What Is The Difference Between Ophthalmologist, Optometrist, Optician And Orthoptist?

The 4 O’s

So now you have come here because you are absolutely confused with the difference between an ophthalmologist, optometrist, optician and orthoptist. 

Well, to start off you need to know that all four of them are often collectively known as the eye care professional because their main roles are primarily concerned with the human eyes and vision despite the main difference in their respective scope of practice. For the sake of simplicity, I would not delve too much into each of them but give you a general picture of their fundamental difference.

Ophthalmologist

They are medically trained doctor who subsequently specialize in the human eyes. And it takes one ages to finally qualify as an ophthalmologist. Their primary role revolves around the treatment of eye diseases and problems that affect the surrounding structures of the eyes. You could regard them as the equivalence of Greek Gods.

Optometrist

Now before we proceed on…

Disclaimer: Not Very Applicable in North America

Due to my background as an optometry student in the UK who comes from Malaysia, what I am gonna write is really only applicable and close to reality for countries like Malaysia, Singapore, the Uk, Australia, New Zealand etc. due to the incredible discrepancy in the scope of practice and level of training between different countries.

So an optometrist is a primary eye care practitioner, meaning that they are actively involved in identifying eye diseases like cataract and glaucoma by carrying out routine eye examination. They fit perfectly well in primary health care as they make sure eye anomalies are nipped in their bud before they become a real problem. In practice, they identify your prescription (refractive error) as part of a comprehensive eye examination and also qualified to fit you with contact lenses if you require them. Think of them as those cute angels who protect your eyes and vision.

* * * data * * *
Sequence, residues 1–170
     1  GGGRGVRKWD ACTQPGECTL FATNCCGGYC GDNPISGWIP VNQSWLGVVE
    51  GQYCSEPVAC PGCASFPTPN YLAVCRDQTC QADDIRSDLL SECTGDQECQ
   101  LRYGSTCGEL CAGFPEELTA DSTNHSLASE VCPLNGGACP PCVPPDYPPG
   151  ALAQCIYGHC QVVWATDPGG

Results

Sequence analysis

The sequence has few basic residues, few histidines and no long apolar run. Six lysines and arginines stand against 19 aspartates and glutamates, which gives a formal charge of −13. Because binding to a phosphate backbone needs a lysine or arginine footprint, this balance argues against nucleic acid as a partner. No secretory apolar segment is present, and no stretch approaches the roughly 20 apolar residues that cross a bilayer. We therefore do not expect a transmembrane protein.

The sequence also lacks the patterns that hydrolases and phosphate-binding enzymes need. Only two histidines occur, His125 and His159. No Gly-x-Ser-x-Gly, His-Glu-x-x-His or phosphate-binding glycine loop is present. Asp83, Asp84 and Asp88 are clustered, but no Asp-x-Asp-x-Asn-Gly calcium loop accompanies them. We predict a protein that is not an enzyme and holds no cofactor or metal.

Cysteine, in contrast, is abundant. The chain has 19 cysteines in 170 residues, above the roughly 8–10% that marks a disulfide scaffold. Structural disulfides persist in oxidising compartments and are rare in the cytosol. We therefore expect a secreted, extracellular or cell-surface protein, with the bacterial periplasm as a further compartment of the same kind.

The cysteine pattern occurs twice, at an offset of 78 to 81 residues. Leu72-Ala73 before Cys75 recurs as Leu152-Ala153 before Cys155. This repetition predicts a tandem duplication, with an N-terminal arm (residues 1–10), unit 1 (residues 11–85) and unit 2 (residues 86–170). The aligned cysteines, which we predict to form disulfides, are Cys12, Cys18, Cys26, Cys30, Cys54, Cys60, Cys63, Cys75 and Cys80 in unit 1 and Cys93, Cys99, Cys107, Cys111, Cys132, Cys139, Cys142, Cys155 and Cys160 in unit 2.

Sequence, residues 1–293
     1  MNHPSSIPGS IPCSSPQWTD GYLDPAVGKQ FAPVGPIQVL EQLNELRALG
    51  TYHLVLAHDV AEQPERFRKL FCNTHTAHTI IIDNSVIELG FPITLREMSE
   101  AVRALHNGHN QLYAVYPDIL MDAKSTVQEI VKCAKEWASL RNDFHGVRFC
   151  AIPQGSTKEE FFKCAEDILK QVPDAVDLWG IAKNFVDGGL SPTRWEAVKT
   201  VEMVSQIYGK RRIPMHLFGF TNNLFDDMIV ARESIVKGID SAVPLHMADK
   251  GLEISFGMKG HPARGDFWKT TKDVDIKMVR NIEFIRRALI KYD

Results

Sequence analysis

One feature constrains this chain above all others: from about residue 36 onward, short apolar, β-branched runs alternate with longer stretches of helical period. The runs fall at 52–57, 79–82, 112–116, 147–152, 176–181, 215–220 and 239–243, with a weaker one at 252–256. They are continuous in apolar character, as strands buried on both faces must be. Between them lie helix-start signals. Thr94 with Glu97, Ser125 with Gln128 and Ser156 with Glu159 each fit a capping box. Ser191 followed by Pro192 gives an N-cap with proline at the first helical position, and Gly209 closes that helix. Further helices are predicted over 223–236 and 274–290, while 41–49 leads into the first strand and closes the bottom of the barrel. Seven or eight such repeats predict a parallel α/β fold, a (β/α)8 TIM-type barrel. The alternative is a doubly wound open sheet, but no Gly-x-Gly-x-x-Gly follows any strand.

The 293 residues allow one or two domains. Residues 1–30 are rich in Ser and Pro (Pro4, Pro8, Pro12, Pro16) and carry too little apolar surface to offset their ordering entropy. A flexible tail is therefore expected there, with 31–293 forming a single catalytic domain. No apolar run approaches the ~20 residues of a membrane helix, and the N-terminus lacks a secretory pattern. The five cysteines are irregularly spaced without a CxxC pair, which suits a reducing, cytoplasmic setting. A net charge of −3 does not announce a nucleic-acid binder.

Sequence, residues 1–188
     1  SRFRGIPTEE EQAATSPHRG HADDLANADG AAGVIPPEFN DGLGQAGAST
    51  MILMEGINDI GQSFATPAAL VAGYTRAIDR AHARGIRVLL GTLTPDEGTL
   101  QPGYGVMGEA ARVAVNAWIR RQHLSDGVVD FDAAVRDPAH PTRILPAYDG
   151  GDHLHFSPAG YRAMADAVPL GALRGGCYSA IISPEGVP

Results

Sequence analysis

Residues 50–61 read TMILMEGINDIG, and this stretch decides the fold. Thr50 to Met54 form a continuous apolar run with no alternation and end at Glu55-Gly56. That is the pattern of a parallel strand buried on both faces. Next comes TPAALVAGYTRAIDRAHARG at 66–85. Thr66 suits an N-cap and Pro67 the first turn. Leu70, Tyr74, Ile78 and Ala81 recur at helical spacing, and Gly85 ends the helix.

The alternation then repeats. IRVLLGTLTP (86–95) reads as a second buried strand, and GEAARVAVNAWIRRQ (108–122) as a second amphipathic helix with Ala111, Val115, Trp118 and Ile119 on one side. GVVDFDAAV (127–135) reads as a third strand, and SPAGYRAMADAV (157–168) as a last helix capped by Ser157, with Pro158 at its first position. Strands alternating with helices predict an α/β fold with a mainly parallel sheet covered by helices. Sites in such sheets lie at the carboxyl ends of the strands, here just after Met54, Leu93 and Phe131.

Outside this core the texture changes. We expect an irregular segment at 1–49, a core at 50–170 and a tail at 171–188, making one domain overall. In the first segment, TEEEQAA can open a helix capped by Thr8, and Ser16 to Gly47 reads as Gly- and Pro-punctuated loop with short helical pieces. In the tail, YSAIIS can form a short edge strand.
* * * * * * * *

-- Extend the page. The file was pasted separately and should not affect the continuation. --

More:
Optician

Opticians (also known as dispensing opticians) are very important when it comes to dispensing glasses. They are there to give you advice like frame selection, lens type and lens treatment based on your prescription and lifestyle. Opticians who undergo extra training are allowed to dispense contact lenses as part of their job. Without someone like them to dispense you properly, especially if you’ve got high prescription, you’ll wind up with dodgy prescription glasses. Think of them as a mechanic carrying tools around.

Orthoptist

This is possibly the most unheard of one of all the 4 O’s. For the uninitiated, there’s no tertiary institution that offers a degree in orthoptic in its own right in both Malaysia and Singapore. However, there are several universities in the UK like University of Sheffield and Glasgow Caledonian University that do offer the programme. Orthoptists are professionals who deal with binocular vision. They are there to make sure your eyes are working together to enable a single fused vision.

Final word: This is by no means an exhaustive list of what the aforementioned professionals do but at least it gives you a general idea of their respective main scopes of practice. Because each of them is important in their respective roles and I could have written away a full lengthy blog post just on what they do, I’ll devote some future posts to each of them.

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